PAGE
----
Now, don’t get me wrong. I’m no fan of Donald Trump being our president-elect. I’m still rather shocked that he won. I’ll never understand how he appealed to anyone when he communicated virtually nothing of any substance from the stump or in the debates. Having seen so many clips of him saying different things about a number of things in the past — the Clintons, the invasion of Iraq, how the economy performs under a democratic president — I figured that most people would see him as an opportunist.
Spoiler alert! I was wrong. He appealed to millions of people who wanted some kind of change from the life-long politicians who have become the norm in Washington. I personally don’t believe that any “swamp” is going to be drained anytime soon, but people voted for him, no matter what I said on Facebook. And we sure are in for a change.
At first, I supported Bernie Sanders. I felt a Bern, so I registered as a Democrat to caucus for him in Maine. I’ve voted for both parties’ presidential candidates over the years, but my political beliefs generally fall under the umbrella of the Democrats. This wasn’t much of stretch for me. But I was never a “Bernie or Bust” guy. Senator Sanders lost the primary, and Hillary Clinton became the Democratic nominee for president.
I remember it, and so do you. Donald Trump got the votes. He may not have received as many as Secretary Clinton, but he got the votes in the right states to win the Electoral College. Very few people on the left are fans of the Electoral College right now, and if the roles were reversed, our friends on the right wouldn’t be thrilled with it either. But this is how our system works.
We can be as upset as we want that Russian intelligence hacked the Democratic National Committee’s and John Podesta’s emails, but we knew this before the election. It wasn’t a shocking revelation when the CIA indicated that the Russians had done it to help Trump win. No one can legitimately pretend to be surprised.
Whether Donald Trump, his fans, and the rest of the Republicans want it to be true or not, the Russian hacking of campaign emails hurt the Clinton campaign, and helped Trump. But we can’t maintain the fiction that no one knew this before.
Democrats, We’ve Been Through this Before
Personally, I don’t think there was anything especially damning in any of the emails. The DNC emails that were released before the conventions didn’t bother me, even as a former Bernie supporter. Most of them were dated after Clinton had won enough delegates to secure the nomination. And as a former federal employee, I know that many of the internal emails I sent would probably raise more than a few eyebrows. What matters is that Secretary Clinton got the votes — more than enough votes — to win the nomination.
Just like Donald Trump did on November 8th. These are facts. We may not like them, but they are true.
The Apocryphal Narrative of Hillary Clinton
Me, I don’t buy it. For a little while, I was swept up in the “Hillary’s too much of an insider” feeling that many of my fellow Bernie supporters have. I liked that Senator Sanders was speaking loudly about campaign finance reform. (I still think that’s one of the greatest barriers to true representative democracy in our country.) Then, Secretary Clinton got votes. She won the nomination, fairly.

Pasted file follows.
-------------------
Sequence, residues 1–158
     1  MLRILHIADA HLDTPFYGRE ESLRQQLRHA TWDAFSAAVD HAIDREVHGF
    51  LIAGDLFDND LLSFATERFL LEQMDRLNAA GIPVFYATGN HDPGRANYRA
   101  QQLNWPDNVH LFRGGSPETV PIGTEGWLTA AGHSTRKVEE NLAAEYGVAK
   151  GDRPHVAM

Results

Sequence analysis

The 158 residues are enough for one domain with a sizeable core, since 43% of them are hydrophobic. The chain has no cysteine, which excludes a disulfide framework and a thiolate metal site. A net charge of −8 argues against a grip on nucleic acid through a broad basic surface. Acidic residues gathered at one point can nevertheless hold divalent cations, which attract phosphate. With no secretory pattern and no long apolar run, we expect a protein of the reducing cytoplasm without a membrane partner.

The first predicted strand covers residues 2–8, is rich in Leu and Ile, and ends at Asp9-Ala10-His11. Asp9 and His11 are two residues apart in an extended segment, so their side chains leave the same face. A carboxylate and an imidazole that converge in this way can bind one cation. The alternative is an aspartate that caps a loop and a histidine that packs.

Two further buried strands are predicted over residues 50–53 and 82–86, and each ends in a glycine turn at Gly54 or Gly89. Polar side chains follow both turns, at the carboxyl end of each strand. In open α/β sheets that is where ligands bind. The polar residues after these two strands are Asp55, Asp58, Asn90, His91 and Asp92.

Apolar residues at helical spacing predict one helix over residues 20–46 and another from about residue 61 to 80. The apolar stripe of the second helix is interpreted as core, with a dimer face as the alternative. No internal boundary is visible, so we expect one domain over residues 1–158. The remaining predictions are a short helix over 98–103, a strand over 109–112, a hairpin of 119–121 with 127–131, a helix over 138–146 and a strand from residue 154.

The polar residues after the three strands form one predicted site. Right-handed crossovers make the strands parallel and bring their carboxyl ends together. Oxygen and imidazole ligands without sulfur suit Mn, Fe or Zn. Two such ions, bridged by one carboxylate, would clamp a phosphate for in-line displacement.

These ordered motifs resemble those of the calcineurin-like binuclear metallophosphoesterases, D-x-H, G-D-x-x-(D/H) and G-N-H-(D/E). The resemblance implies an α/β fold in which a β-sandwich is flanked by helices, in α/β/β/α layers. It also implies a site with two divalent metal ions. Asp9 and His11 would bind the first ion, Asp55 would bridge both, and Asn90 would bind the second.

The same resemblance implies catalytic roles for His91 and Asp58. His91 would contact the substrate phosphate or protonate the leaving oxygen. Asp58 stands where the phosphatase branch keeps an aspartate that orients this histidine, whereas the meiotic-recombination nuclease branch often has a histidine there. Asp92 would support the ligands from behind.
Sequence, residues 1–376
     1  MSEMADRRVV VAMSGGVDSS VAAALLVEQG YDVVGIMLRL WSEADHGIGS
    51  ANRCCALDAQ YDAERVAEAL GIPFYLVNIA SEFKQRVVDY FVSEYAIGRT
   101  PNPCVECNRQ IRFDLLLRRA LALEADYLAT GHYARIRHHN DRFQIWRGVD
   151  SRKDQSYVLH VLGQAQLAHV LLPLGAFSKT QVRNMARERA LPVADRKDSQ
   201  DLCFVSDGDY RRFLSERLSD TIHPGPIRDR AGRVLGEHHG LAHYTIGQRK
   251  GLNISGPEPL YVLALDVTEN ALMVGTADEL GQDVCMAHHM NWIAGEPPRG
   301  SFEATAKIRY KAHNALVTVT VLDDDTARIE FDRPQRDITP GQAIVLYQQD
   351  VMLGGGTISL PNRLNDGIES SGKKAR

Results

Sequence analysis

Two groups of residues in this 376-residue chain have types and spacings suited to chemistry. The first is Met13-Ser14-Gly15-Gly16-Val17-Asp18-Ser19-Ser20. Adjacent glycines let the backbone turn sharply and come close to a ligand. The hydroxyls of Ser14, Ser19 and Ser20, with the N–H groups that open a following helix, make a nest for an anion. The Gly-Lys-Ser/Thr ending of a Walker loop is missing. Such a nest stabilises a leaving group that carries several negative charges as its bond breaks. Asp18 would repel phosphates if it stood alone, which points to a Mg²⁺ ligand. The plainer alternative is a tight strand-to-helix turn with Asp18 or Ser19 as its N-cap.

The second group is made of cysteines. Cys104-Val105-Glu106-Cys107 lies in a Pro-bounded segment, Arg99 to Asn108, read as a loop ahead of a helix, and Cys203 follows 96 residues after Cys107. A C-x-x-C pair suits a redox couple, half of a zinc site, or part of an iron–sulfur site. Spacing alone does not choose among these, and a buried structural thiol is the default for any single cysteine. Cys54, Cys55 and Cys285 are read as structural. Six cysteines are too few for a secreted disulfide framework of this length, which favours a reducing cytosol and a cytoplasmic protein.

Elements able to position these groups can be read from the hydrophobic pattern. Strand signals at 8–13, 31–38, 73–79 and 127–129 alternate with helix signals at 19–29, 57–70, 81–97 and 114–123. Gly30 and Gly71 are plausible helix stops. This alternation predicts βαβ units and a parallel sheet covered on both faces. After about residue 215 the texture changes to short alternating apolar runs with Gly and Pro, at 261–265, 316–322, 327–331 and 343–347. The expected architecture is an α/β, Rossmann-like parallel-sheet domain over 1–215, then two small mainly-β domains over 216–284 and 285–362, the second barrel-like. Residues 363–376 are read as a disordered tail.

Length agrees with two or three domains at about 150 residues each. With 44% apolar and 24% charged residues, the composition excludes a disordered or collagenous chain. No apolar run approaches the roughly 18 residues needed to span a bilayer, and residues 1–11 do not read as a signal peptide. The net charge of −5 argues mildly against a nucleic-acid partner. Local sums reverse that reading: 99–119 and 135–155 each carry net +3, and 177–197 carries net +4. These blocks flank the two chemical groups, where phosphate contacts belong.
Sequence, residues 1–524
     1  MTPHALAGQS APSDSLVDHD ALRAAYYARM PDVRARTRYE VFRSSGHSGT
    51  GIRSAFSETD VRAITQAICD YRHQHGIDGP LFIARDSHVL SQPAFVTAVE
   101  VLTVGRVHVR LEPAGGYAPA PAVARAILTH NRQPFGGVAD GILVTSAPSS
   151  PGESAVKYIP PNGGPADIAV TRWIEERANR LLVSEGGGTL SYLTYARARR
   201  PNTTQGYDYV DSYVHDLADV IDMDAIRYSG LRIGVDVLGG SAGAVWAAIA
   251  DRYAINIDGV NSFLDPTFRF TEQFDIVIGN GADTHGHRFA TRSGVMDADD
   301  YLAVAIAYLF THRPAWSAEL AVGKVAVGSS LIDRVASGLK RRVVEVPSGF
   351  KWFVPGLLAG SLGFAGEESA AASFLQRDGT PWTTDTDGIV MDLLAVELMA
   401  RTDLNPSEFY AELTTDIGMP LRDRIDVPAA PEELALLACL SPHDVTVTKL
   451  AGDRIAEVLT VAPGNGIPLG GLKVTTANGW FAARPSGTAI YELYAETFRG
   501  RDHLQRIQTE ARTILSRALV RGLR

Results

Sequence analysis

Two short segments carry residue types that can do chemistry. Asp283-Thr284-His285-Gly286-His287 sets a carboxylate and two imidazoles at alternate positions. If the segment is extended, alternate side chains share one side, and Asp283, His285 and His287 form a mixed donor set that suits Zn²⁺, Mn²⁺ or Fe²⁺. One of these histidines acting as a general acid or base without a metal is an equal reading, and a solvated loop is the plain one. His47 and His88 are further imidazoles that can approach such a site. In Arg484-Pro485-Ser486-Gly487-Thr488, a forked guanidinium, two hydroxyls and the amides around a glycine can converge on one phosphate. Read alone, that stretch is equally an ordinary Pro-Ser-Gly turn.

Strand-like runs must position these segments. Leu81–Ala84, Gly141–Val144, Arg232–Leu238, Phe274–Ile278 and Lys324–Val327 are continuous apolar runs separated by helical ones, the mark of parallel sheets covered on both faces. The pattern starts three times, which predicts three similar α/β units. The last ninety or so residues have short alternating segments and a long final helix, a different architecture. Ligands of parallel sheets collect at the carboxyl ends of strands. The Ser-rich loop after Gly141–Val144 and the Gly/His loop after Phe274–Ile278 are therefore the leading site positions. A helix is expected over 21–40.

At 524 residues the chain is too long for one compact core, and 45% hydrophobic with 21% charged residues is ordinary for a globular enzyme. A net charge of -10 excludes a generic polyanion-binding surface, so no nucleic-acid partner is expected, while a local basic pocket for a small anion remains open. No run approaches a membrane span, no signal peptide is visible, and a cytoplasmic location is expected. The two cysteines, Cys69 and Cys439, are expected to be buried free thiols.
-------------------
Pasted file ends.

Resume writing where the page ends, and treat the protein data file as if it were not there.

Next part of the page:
I certainly wasn’t going to vote for Trump. So, I did some reading on Clinton and the bullshit narrative that the right-wing has built around her. I found that she’s a good, caring person, who listens to people. She actually works well with people from both parties. She didn’t kill Vince Foster or anyone else. After nearly 30 years in the public eye, she may keep things a little close to the vest, but she would’ve made a good president, maybe a great one.
The only remotely damning thing that came out of any of the emails was from a Goldman Sachs speech when she talked about having a public position and a private position. Which is fine by me. If I felt like I had to set a personal opinion aside in order to get the best version of a bill passed, I would absolutely set my personal position aside for the betterment of the country. I don’t get why this was an issue.
I’m proud to have voted for her, but she didn’t win. I’ve accepted that.
All of this being said, I won’t have a problem with electors choosing someone besides Donald Trump. They just can’t claim to have done it because the Russians rigged the election.
If they feel that the winner of the popular vote — especially a win by so many votes — should be the president, then so be it. If they feel they’re the last line of defense against a narcissistic demagogue, well, they are.
I just can’t get behind the “not my president” sentiment. Donald Trump won. He won more states’ electors than Secretary Clinton did. That’s how our system works, but if electors want to vote their consciences and choose someone besides Donald Trump, or even Hillary Clinton, that’s how our system can work, too.
I would happily donate to a crowdsourced fundraiser to help pay the $1,000 fines that electors could incur.